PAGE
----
The Conservatives and Ulster Unionists have been talking about increasing the ties between the parties since October 2007
by Kathleen Mullin
BBC Northern Ireland
A straw-poll of Ulster Unionist assembly members has revealed more than half are opposed to dropping Ulster from the name for electoral purposes.
The BBC spoke to all 18 MLAs following speculation that the proposed joint venture with the Conservative Party could lead to a new electoral brand.
A new Conservative and Ulster Unionist joint committee has been finalising proposals on the issue ahead of the European election, when the two parties aim to field a joint candidate.
There has been speculation that one option for the ballot paper is the "Conservative and Unionist Party", provided there is not legal or political issue.
When asked if they would approve an option that would drop Ulster from the name, 10 MLAs, speaking anonymously, were opposed.
In fact, a majority of the 10 were strongly opposed. One declared: "I was born an Ulster Unionist, I am still an Ulster Unionist and I will die one."
Another member of the old guard said he was an "Ulster Unionist all the way", and a third said that he would have strong objections to dropping Ulster if Northern Ireland or some other local branding was not included: "Without local identity, what's the point?"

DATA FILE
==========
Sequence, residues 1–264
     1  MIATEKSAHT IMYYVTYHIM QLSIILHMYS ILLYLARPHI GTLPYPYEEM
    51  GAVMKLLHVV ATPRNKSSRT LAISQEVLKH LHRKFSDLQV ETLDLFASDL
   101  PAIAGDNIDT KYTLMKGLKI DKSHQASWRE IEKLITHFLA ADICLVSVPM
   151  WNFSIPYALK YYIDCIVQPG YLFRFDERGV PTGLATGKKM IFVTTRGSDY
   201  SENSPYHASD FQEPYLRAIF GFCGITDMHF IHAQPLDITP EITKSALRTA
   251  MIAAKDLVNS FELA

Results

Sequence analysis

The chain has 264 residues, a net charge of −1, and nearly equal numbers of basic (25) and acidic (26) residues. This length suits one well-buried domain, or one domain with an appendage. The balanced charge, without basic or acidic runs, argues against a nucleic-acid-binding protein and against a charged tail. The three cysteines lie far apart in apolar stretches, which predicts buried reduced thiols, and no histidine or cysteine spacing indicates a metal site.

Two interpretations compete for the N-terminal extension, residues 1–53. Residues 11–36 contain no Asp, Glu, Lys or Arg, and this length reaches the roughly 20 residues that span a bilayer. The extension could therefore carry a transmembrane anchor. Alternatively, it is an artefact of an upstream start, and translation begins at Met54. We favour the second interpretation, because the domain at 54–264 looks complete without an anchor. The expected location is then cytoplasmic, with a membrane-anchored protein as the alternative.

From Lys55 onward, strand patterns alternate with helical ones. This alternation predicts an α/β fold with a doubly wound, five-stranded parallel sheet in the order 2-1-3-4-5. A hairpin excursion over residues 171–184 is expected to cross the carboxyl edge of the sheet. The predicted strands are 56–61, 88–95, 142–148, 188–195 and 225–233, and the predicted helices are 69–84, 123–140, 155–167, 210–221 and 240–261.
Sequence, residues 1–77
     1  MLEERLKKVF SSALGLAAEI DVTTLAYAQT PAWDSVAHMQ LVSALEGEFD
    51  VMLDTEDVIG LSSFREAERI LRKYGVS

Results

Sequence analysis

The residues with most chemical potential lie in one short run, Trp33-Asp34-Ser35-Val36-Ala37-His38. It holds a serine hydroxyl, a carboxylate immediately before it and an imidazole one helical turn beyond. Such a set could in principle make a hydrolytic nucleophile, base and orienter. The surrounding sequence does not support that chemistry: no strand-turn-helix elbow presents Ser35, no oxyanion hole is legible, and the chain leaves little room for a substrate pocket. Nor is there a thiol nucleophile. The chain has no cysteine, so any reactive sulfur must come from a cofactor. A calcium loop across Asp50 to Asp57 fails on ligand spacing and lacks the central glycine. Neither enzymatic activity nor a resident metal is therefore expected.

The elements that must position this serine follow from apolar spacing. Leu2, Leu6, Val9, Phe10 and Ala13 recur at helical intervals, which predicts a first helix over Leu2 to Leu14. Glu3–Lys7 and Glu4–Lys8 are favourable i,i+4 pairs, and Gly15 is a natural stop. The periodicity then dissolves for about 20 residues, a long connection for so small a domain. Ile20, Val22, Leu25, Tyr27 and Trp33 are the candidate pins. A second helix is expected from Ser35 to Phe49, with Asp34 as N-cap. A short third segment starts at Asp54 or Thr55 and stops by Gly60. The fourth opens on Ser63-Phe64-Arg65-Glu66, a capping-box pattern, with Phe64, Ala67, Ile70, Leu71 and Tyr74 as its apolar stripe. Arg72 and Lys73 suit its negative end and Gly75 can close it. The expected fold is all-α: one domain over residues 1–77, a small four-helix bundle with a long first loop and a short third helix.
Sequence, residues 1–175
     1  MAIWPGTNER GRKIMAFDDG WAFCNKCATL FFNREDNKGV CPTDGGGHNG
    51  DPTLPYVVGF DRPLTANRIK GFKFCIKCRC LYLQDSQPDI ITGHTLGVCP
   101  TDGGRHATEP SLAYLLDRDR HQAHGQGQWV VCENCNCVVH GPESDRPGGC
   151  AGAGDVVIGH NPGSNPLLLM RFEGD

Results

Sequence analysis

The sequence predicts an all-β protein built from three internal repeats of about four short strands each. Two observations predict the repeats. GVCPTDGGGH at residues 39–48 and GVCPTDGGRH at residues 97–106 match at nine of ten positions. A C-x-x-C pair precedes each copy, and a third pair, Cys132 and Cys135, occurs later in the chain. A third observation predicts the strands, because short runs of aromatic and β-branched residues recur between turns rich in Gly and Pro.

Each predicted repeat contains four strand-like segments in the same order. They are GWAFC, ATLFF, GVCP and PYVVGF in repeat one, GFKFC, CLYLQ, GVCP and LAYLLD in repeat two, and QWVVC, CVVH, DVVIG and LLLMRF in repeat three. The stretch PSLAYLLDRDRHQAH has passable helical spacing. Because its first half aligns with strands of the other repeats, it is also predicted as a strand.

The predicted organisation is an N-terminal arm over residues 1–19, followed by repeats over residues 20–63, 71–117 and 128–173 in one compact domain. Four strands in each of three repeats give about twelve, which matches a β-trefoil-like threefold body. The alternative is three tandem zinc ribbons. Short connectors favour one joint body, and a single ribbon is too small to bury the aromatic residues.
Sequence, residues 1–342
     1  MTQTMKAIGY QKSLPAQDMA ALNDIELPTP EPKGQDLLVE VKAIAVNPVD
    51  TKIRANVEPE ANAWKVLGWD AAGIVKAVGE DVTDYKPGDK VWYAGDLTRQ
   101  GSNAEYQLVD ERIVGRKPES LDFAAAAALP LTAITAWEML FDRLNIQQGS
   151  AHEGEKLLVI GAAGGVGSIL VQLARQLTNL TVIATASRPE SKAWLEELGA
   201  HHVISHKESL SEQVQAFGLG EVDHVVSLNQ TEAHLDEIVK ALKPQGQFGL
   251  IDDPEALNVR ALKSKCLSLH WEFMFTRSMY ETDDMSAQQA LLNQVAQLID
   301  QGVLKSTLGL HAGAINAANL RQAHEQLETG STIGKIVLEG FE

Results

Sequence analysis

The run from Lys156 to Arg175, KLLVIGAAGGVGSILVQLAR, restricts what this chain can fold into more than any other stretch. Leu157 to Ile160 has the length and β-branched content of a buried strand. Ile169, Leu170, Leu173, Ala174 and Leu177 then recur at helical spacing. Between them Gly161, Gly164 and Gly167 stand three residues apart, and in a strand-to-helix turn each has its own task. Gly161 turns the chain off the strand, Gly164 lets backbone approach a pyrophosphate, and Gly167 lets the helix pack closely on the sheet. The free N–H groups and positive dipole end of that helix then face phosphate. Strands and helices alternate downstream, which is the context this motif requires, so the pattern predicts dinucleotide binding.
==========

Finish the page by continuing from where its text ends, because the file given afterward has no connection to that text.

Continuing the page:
David Cameron addressed the UUP party conference in December
Of the remaining eight, three were in favour and five would not comment.
Those who could live with the change indicated that their reasons were pragmatic.
One pointed out that the UUP had in the past used various names for electoral purposes.
The question of how far the UUP should ally itself with the Conservative Party could be crucial for their future electoral success.
One MLA, with an eye to a younger electorate, claimed "new votes could be won by creating a new force".
The straw poll suggests the leadership may have difficulty persuading key figures to compromise, even though the Ulster Unionist name would prevail for everyday business purposes.
Ulster Unionist councillor Mark Cosgrove, who sits on the joint working group, has urged everyone to await the final report before making up their minds.
"There's got to be a very clear linkage to unionism," he said.
"Obviously from the Conservatives perspective they will want clear links to their own name, brand and heritage.
"It was clear under the memorandum of understanding that any brand has to clearly reflect the identities of both groups, and obviously that is a Ulster Unionist identity and also a Conservative identity."
The survey also comes as Lady Sylvia Hermon, the party's sole MP, prepares to meet Conservative leader David Cameron.
The North Down MP is known to have concerns which are likely to be raised at Wednesday's meeting at Westminster.
One MLA who was contacted said that the matter was "far from settled", and stressed the need for consultation with the party's grass roots.
It is believed that a package of proposals could be put to the Ulster Unionist Executive this month.